As I’m writing this, the Great American Eclipse has just passed, and first thing’s first: We’re still here. Despite the prognostications of some, the apocalypse has been postponed yet again. So we have that going for us, which is nice.
I experienced this one-in-a-lifetime communal gathering at Boca’s Spanish River Library, one of the city’s three public venues still giving away glasses the day of the eclipse. It felt like a be-in for science nerds, or at least science nerds for a day, a place where all our cultural and political divisions were covered like the sun. We stood together in unified awe, hundreds of paper lenses pointed skyward.
However, only those who queued up early enough received glasses. By the time I arrived, at a few minutes before 1, library representatives were already urging people to go home, or to share with others: The venue’s 300 pairs of complimentary shades were already spoken for, and the event hadn’t even officially started.
The line snaked around the building, filled with throngs of sweaty pilgrims arriving by car, bike and foot. It was another manic Monday, in other words; what normally would have been a sleepy weekday afternoon resembled an airport on a holiday weekend.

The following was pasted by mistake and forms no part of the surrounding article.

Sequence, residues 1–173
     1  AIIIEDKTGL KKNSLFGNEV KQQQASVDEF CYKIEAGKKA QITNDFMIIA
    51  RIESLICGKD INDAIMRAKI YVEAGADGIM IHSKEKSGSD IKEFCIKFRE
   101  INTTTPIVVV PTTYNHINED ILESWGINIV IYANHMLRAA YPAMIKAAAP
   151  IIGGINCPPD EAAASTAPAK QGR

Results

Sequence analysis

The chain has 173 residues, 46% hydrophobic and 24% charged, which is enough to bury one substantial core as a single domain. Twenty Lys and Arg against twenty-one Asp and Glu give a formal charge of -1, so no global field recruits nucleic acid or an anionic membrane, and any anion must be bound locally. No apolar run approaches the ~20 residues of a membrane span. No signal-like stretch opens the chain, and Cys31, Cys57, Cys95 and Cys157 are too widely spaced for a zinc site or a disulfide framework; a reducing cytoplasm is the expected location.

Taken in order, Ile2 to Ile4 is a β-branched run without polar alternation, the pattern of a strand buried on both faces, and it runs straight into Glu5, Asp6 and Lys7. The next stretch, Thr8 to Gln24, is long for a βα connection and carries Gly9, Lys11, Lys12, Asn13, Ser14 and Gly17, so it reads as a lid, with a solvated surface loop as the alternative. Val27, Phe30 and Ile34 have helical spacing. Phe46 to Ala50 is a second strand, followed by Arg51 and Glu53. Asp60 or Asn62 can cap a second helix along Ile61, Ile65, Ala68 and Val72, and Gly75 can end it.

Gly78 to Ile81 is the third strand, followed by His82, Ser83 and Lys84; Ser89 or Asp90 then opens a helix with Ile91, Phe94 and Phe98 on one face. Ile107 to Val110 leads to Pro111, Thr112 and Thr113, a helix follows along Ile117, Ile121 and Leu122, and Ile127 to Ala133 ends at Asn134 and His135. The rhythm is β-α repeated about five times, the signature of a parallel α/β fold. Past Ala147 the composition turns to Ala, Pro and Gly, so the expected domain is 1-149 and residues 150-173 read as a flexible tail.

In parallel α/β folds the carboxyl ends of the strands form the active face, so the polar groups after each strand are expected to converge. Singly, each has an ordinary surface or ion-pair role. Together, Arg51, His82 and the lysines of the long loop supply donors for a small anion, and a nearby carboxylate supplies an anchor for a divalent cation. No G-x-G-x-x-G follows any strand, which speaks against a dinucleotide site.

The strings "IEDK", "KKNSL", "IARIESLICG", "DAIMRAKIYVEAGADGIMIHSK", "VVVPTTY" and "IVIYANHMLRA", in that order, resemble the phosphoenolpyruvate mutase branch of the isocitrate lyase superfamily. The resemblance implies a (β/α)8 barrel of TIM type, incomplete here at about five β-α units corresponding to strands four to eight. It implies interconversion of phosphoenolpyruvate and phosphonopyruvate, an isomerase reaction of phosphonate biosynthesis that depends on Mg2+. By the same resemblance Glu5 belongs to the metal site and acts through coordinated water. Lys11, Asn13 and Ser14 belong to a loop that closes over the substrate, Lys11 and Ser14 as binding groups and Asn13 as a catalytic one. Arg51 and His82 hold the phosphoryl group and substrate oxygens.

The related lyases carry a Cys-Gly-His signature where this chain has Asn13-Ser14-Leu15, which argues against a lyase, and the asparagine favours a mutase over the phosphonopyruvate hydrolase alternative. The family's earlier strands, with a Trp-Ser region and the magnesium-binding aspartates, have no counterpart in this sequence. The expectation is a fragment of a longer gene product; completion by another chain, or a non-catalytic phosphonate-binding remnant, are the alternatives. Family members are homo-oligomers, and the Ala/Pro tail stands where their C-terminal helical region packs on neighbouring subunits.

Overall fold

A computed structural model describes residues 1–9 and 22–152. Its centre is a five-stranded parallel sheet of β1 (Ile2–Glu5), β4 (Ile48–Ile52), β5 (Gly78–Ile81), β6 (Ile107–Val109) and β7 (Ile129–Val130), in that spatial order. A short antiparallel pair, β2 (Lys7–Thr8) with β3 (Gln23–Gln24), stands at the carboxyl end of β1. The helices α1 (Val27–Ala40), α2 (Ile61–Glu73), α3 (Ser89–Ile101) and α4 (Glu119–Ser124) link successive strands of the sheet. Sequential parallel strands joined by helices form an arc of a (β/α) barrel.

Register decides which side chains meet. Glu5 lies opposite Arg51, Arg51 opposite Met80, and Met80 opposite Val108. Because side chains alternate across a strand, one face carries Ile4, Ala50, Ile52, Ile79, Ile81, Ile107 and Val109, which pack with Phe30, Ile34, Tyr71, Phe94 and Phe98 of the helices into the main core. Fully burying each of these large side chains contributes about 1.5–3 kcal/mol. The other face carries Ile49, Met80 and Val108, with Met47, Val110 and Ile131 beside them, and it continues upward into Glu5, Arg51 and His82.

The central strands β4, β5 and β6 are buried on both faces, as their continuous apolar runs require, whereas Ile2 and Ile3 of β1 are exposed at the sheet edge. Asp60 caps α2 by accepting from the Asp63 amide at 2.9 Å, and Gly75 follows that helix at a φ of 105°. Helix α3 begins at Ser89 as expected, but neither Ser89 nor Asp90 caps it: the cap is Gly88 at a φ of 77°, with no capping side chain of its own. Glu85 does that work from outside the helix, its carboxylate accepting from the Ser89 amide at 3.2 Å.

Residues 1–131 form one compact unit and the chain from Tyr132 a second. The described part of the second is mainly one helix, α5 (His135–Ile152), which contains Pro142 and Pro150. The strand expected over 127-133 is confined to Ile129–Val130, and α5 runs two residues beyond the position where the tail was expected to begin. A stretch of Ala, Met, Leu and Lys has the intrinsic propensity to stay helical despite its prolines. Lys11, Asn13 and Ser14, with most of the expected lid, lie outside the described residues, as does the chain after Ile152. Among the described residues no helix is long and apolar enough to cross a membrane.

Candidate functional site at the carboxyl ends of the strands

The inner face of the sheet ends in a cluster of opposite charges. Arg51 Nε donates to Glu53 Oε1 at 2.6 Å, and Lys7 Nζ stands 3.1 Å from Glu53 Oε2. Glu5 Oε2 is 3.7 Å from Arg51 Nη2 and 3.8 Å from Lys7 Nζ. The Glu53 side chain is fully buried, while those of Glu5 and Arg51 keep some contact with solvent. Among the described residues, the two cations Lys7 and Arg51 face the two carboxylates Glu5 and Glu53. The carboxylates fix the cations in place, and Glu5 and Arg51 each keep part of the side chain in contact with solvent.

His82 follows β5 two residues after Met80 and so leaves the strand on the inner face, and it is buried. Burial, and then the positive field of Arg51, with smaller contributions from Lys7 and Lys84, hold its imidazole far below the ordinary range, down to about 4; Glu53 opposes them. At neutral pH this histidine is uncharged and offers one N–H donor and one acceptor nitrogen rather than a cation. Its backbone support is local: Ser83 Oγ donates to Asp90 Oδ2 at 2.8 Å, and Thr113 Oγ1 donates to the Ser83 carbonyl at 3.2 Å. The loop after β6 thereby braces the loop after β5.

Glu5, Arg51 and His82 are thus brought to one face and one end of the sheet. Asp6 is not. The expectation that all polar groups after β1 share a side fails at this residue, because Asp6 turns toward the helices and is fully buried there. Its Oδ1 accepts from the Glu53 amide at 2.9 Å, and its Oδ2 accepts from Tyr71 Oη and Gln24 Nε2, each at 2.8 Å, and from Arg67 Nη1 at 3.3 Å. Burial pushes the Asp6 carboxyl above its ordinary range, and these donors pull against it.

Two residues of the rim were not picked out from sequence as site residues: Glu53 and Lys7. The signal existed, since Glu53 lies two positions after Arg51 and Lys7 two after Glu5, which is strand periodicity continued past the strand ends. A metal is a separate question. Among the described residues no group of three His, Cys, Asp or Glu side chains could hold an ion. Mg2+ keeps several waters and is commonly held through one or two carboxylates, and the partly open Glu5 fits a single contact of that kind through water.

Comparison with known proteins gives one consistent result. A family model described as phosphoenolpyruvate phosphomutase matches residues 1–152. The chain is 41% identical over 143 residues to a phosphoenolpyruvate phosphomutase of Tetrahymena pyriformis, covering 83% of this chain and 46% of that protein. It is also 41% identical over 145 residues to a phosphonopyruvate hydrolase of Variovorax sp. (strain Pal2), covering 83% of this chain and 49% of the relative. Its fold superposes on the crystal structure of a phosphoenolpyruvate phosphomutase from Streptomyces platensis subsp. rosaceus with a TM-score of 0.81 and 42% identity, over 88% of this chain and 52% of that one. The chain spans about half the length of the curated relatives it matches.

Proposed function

Luckily, my wife and I bought our glasses weeks before. We just wanted to enjoy the atmosphere, the crowds and the perks of watching the eclipse at a public event, which in this case included free water, pink lemonade and protein bars. As the families piled onto the lake-view pavilion, many arrived with supplies and munitions—umbrellas doubling as parasols, insulated coolers full of beverages, tripod cameras and MacGuyvered duct-tape and cardboard solutions for savvy viewers who missed out on glasses.
By 1:10, the sun was a mostly complete amber orb, the moon a looming foreign object just beginning to invade its space. Over the next two hours, it slowly consumed the sun, which at times resembled a partially devoured medallion of marmalade, then the Pac-Man heroine, then the DreamWorks crescent. At 2:45, we finally felt the sun’s brutal warmth subside a bit. The air crackled with anticipation for our 80 percent of totality, just minutes away. Library staff handed out pinhole-cut pieces of paper, which reflected tiny, flickering crescents everywhere.
Just like at New Year’s, there was a countdown to our fullest totality, at 3 o’clock, by which time the enormous sun looked like half a parentheses. Cue the cheers. And then, it was over—been there, seen that, let’s beat the traffic, etc. It’s the South Florida way.
I felt the same. Not being in the path of totality, we didn’t experience the eclipse like the most hardcore stargazers did, such as the 250 Japanese tourists in Oregon I learned about on CNN, who planned their eclipse vacation in 2011. We didn’t get to enjoy some of the more disconcerting effects of the phenomenon; none of the animals around the lake acted differently, and it never got dark.
But we can all say we went through an eclipse, hopefully with our retinas healthy. The next one is in April 2024. Time to start the clock.